Investigating a Shadowy Crime (Preview)


Grab my new series, "Legends of the Lawless Frontier", and get 2 FREE novels as a gift! Have a look here!


“Jefferson Allan Dugarall!”

He could hear his mother shrieking his name even though she was nowhere near. He should have known to stay with his parents. Quickly, he navigated the sea of adults, but the men all wore clothes similar to his businessman papa and the women wore dresses of the latest fashions, just like his mother.

For the life of him, Jefferson couldn’t remember what either of his parents were specifically wearing that day. He hadn’t really looked at them. He’d spent too much time teasing his little sister, Jeanie, as she made a fuss over her hair. It was beautiful hair, he had to admit that – but only to himself. He’d never tell his seven year old sister he thought her hair was pretty. He’d never hear the end of it with her teasing.

He knew what she was wearing. A little white dress with a solid fabric underneath a lacy one, a red sash and red collar, and she’d put her hair up in a ponytail with a red ribbon that hung down as far as her hair did, which was to the middle of her back. Jeanie was proud of her wavy hair and enjoyed swinging it back and forth, which Jefferson found incredibly annoying.

But he didn’t see any other children in the train station around him. There seemed to be more people than usual, which Jefferson understood because it was the Christmas season and people did a lot of shopping and traveling around that time of year.

He pushed through the sea of adults, finally spotting the doors to go outside. That was what he needed to do. He needed to go outside and see if the train was leaving. He had a feeling, from the whistles he’d been hearing, that it was ready to go.

And he had to get on the train before it left. His parents might think he was fooling around in another car.
That was what he deserved for getting off after they were already boarded. He’d just wanted to explore for a little bit. He’d overheard Papa telling Mama and Jeanie and his brother, Kyle, that the attendant had said it was going to be a while before they left.

But Jefferson had no idea how long it had been since then. He’d been too busy exploring, watching adults, making up stories in his head about them, pretending he knew all about them and their fantastic lives.
He was always doing that – making up stories about people in his head, strangers he’d see passing on the street. And he always lost track of time because of it.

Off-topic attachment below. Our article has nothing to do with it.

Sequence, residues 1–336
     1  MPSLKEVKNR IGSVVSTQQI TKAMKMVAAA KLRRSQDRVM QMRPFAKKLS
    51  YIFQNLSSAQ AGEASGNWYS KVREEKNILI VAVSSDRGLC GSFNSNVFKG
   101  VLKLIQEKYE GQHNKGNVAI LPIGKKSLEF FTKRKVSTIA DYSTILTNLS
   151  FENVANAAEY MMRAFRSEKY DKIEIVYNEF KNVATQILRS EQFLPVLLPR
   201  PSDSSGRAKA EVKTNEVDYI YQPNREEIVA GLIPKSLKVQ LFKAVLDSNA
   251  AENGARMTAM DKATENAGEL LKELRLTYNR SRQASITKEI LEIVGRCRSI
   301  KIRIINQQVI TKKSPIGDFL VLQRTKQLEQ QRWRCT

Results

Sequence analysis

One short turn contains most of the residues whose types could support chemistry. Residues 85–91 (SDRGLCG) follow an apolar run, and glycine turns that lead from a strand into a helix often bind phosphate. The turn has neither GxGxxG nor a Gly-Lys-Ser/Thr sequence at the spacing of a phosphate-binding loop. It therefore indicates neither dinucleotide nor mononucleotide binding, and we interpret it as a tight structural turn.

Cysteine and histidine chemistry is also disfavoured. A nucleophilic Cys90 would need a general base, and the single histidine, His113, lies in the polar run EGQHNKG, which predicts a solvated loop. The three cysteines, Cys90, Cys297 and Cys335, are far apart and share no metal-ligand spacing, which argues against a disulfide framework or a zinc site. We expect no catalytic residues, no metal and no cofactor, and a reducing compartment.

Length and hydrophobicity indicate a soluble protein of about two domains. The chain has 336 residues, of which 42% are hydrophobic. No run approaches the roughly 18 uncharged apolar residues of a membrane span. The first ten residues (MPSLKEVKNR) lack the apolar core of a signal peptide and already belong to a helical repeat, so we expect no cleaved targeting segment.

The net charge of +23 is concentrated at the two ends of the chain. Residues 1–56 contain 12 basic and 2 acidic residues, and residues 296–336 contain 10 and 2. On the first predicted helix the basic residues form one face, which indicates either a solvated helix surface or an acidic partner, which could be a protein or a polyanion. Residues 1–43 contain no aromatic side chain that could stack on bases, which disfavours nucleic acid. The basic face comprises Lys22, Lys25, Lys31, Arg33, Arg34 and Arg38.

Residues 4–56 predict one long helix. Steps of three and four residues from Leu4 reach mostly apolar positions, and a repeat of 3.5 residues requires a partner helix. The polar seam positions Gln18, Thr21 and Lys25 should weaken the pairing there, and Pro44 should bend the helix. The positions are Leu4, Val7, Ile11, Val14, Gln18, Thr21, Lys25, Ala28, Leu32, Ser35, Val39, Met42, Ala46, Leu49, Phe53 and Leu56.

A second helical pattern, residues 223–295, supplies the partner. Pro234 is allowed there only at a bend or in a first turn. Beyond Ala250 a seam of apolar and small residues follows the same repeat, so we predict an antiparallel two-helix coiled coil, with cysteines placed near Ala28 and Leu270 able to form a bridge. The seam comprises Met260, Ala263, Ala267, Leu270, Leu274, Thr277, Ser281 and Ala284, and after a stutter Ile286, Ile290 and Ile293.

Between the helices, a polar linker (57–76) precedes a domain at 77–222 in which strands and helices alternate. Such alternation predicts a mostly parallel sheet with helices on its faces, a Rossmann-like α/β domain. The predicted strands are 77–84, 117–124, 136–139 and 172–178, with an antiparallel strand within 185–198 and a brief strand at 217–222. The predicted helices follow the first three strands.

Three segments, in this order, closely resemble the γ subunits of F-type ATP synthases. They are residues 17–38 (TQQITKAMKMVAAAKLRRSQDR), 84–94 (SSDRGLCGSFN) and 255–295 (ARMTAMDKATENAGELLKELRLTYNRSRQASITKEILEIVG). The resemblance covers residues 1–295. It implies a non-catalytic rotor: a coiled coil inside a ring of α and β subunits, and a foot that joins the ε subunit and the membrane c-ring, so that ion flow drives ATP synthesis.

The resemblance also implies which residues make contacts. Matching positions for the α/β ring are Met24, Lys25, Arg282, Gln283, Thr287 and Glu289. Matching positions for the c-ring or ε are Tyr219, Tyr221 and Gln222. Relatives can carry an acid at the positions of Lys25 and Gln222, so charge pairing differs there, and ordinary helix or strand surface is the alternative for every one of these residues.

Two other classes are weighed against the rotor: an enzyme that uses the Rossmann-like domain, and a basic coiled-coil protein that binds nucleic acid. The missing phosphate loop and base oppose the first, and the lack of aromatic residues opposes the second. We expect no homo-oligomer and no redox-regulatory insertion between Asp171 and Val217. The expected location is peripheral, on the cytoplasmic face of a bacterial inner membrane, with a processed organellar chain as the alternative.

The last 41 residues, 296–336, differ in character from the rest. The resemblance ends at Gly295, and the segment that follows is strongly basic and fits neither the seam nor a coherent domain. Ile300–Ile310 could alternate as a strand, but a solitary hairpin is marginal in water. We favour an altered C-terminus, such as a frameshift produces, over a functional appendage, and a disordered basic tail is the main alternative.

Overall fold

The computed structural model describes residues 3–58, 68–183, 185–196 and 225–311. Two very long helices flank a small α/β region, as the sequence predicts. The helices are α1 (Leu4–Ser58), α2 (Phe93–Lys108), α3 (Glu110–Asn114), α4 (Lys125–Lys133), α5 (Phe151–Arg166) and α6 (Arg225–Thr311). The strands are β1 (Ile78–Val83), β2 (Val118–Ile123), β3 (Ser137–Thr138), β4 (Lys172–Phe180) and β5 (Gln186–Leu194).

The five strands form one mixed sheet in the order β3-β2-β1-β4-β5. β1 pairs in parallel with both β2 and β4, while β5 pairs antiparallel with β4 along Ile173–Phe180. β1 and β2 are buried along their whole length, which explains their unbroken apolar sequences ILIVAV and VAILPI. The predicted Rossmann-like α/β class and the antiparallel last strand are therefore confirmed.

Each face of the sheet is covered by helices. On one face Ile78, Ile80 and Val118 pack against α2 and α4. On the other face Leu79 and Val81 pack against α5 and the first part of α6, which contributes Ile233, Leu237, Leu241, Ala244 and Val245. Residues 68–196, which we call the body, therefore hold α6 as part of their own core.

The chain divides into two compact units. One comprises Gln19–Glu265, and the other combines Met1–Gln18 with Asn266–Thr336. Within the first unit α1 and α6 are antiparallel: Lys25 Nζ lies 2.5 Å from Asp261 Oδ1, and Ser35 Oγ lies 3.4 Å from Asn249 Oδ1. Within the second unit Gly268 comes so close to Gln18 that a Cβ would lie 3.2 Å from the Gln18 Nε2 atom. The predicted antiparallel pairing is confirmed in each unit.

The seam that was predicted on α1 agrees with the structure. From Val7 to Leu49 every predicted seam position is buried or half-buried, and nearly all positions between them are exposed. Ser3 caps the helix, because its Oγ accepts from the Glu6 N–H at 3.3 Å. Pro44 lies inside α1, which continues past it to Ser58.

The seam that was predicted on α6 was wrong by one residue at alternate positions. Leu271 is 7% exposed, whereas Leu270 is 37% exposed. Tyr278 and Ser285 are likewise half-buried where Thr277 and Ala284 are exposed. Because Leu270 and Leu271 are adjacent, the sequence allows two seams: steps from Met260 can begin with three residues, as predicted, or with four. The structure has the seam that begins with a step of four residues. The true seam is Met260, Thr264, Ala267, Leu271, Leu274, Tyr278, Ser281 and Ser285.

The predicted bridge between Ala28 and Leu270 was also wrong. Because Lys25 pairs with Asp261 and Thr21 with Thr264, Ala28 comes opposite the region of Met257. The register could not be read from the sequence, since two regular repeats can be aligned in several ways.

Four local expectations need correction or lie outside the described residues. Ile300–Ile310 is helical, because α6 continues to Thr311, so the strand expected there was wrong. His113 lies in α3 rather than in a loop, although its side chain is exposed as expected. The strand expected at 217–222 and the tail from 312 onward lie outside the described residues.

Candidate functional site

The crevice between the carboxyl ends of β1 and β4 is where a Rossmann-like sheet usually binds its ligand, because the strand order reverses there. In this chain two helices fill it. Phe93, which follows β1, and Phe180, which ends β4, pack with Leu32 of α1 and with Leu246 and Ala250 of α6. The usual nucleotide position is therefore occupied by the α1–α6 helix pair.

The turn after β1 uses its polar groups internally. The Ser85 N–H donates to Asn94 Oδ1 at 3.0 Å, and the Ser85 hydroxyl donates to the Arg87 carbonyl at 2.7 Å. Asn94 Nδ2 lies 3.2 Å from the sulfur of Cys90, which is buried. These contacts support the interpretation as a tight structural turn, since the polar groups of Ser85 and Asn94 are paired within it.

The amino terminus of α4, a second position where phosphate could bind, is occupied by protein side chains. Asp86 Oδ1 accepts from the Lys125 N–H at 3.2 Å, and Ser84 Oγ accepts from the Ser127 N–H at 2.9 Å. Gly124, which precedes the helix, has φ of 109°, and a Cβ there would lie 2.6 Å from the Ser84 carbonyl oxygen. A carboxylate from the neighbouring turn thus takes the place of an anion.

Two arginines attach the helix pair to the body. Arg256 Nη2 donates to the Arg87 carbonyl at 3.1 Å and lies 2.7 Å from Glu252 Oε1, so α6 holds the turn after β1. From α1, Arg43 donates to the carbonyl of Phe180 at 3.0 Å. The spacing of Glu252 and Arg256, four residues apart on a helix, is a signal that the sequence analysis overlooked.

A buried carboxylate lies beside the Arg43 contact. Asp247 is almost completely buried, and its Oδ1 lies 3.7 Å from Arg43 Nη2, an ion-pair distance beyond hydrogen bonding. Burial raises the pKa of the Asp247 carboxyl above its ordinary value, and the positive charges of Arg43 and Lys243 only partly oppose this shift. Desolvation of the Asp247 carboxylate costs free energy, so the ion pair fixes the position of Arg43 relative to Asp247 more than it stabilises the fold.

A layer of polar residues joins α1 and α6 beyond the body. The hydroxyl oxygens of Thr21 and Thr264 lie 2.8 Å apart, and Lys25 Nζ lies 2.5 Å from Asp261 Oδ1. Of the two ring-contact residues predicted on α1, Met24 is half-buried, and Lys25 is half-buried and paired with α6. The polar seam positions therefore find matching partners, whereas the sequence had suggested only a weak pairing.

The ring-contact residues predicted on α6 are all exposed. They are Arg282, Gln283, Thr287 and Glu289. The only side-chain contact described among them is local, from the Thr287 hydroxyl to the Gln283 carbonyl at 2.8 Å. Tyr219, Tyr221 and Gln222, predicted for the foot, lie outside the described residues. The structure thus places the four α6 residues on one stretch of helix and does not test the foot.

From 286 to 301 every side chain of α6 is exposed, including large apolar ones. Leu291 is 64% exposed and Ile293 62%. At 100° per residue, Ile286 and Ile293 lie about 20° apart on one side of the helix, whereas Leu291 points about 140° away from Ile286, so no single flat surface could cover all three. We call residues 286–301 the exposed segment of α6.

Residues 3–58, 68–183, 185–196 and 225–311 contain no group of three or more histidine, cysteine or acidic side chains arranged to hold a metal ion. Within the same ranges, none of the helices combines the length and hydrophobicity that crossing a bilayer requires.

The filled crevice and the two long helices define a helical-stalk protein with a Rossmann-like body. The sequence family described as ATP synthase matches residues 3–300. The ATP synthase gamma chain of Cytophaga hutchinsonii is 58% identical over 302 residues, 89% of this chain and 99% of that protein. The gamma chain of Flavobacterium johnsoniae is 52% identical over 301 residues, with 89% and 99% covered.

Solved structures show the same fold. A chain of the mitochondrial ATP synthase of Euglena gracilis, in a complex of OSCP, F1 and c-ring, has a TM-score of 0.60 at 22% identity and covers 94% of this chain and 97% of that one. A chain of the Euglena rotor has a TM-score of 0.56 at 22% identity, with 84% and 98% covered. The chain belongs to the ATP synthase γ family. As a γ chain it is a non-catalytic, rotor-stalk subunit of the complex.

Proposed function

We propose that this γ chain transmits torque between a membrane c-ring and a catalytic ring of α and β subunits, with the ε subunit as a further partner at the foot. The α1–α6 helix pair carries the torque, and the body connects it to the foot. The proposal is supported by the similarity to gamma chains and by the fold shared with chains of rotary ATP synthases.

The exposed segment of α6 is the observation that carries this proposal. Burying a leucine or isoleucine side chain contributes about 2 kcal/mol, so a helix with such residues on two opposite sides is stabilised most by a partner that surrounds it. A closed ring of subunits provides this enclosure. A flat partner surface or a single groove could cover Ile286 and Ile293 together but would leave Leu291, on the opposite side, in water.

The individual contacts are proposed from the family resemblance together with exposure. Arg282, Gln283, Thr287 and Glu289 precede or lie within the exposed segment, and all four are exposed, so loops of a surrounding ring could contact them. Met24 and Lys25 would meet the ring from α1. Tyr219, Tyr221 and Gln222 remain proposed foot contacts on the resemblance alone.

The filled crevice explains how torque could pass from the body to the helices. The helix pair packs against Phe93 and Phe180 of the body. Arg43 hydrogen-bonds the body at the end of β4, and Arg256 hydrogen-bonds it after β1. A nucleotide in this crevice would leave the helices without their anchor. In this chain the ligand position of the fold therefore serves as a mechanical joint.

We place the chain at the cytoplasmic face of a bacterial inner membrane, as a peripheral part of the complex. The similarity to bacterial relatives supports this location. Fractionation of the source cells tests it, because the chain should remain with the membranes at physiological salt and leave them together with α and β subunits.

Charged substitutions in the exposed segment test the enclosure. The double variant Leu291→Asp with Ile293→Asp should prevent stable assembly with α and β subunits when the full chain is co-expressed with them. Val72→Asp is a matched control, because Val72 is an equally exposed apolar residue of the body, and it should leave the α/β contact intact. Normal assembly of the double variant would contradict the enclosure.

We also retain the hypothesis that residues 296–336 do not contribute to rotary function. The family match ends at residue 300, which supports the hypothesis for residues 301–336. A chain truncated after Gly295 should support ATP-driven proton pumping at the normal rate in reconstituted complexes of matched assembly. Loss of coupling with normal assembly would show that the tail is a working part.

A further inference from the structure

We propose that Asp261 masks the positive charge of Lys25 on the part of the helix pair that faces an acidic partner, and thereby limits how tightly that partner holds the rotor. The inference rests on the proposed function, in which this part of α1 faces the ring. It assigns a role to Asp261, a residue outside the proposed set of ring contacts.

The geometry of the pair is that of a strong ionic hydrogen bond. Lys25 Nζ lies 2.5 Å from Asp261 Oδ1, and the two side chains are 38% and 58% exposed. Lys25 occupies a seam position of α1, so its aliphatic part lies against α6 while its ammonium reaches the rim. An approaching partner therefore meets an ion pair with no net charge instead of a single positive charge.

Now, it had been at least a half hour, and that seemed like a really long time to the ten-year-old. Surely the train would have left by now. He reached the doors and swung them open, exiting the station at break-neck speed and running directly into a man decked out in fine clothing. He was carrying a cane, which he used to tap Jefferson roughly on the thigh, his gruff voice harsh as he spoke.

“What are you doing, boy? Get out of the way. You can’t just run into people like that and expect to get away with it. You should be punished. Where are your parents?”

Jefferson was about to tell him they were on the train, but his eyes darted in between the legs of the well-dressed man and the three other men who appeared to be his bodyguards, standing in an arched line behind him. The train was moving. It wasn’t a long train, only five cars, and if he didn’t hurry, he wouldn’t be able to jump on.

He had his doubts he would be able to jump on, regardless. It was already moving quite fast.

“Mr. Thornton, sir, we should leave,” one of the bodyguards mumbled to the well-dressed man. Jefferson glanced up at the men, noting the expression of haste on their faces. Why were they in such a hurry?
Maybe they were the ones who had run into him! Maybe he was the one who should be complaining.

Without another word but with a definite look of disgust, Mr. Thornton pushed past the boy. Jefferson watched him leave, his brown eyes narrow, his thick brown hair sticking out from under his top hat, his cape hanging from his muscular shoulders and whipping behind him as he hurried through the door.
Jefferson scrambled to his feet and dashed after the train.

Don’t leave me, he thought frantically. I don’t know how to take a train by myself.

He called out to the fast-moving train, sure that he wouldn’t be able to get on. He heard adults behind him, some yelling out he wouldn’t make it while others sent encouraging words his way like, “You can do it, son!” and “Run! Run faster!”

In the end, it was of no use – the train pulled away. He stumbled to a stop, his chest thumping from the exertion, his breath coming rapidly.